Currency vs. True Money

At one time in history, currencies and money are the same one. Many ancient civilizations divide gold into units, and use it directly to buy and sell goods and services. Some examples include:

Greeks have electrum drachma, gold and silver alloys
Romans use their Aureus gold coins, named Dewi Fajar them
The Aztec people pay taxes with their Teocuitlatl gold, which means “the dirt of the gods.”
But as civilization is expanded and becomes more complex, as well as their economy, creates the separation of currencies and true money.

The currency is defined as “something that is used as an exchange media.” Currency is not necessarily coin and dollars. Land, service, livestock, and other items have been used as currencies in the past, and in some places there are still. But our currency is more familiar with today is paper money. Instead of trading goods and services, paper money is our exchange media, and is a substitution for the actual value.

Actual money, on the other hand, shows all the characteristics of the currency, but with additional features.

Money is defined as “gold, silver, or other metals in a form that is comfortable labeled by public authorities and is issued as an exchange media and value size.” Not only money is exchanging, but the size of the value is not just a representation of it. The difference is smooth, but critical.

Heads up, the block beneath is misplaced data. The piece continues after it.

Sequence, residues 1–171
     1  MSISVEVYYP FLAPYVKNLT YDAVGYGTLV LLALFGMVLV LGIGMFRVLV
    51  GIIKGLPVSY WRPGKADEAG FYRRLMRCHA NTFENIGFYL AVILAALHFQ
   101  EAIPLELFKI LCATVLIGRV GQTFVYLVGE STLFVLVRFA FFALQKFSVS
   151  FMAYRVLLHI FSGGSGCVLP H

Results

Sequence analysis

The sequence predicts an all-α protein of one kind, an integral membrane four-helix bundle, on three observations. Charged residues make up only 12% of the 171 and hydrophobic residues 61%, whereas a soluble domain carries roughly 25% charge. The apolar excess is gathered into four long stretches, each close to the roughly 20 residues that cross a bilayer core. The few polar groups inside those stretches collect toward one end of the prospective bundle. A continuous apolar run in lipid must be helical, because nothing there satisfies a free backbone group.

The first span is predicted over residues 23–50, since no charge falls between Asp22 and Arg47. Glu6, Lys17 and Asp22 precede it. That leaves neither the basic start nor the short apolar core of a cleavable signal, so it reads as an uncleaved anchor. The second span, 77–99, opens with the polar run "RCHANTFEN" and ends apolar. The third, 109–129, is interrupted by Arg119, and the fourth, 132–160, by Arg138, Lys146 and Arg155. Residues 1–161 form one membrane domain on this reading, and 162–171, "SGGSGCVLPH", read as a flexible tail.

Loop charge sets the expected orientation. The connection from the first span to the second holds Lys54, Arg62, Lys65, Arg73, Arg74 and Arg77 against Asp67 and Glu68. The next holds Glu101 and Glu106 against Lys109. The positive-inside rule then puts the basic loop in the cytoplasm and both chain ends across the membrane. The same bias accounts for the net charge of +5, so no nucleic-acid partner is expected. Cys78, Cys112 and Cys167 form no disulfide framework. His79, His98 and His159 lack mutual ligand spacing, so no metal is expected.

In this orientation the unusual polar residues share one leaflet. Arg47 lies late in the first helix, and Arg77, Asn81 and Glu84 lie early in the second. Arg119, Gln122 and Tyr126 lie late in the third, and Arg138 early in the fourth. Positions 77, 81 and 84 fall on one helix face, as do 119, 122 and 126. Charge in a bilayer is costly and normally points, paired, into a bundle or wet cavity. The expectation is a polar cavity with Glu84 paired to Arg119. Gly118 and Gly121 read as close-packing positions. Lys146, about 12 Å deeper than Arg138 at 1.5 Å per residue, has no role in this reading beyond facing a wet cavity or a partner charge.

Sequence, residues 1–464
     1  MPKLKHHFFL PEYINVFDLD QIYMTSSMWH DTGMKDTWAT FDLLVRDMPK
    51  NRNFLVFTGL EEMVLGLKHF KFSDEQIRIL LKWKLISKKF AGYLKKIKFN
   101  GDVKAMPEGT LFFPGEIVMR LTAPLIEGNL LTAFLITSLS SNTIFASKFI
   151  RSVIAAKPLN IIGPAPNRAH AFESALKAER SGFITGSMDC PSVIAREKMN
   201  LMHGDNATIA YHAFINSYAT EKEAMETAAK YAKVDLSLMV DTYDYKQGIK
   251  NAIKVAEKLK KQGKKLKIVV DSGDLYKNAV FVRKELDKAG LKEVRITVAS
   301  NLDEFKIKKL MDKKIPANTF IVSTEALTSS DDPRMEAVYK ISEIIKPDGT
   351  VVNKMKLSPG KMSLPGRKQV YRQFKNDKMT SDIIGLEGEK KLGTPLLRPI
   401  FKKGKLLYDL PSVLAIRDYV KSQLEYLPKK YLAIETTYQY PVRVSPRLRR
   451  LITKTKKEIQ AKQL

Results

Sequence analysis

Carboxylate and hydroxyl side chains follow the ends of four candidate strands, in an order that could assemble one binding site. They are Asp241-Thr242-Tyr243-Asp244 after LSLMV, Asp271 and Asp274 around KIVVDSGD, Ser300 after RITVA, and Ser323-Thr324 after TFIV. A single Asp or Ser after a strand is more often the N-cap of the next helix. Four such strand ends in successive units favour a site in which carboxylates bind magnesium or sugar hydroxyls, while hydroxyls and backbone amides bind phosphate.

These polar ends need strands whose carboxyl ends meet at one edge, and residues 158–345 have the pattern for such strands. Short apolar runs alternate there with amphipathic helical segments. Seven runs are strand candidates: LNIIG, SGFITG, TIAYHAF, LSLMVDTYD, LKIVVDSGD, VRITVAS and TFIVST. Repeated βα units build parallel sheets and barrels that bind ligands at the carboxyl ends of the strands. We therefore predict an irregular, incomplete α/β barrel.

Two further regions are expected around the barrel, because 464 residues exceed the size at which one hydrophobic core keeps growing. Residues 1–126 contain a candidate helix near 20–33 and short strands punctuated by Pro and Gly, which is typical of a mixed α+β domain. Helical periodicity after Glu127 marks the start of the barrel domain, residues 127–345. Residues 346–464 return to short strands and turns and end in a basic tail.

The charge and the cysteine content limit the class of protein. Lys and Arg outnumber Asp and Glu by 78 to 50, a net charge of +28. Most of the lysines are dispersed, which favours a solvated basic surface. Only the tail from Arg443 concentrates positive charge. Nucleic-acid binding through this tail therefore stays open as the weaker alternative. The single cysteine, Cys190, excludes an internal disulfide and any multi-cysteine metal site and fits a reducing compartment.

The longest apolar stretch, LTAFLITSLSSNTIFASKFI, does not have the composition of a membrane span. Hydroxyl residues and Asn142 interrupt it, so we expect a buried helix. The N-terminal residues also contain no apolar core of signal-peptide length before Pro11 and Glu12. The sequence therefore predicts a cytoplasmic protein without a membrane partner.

Currency, in and from himself, is worthless, but valuable because of the money he represents. True money, with its definition, inherently valuable.

The currency used in America currently falls under the FIAT system category. “Fiat,” Latin to “let it do,” is a currency that only has value because of the law and decrites of the government. The government places value in the Fiat currency, but does not have the true value.

Another difference between the currency and money is permanent. The currency changes constantly. Before the euro, each country in Europe produces and the values ​​that are considered from their own currencies – signs of Germany, French francs, Spanish Pesetas, Austrian Schilling, and so on.

But this currency is too reliable and fluctuating too drastically, so the integrated currency system is implemented to create stability. Immediately after being introduced in 1999, the euro value fell, causing a record of low exchange rates in the history of the European currency. The euro value returned now, higher than the US dollar in fact, but the point is that the problem of fluctuations has not been repaired. In the end, every form of currency becomes obsolete or loses its value, and must be replaced.

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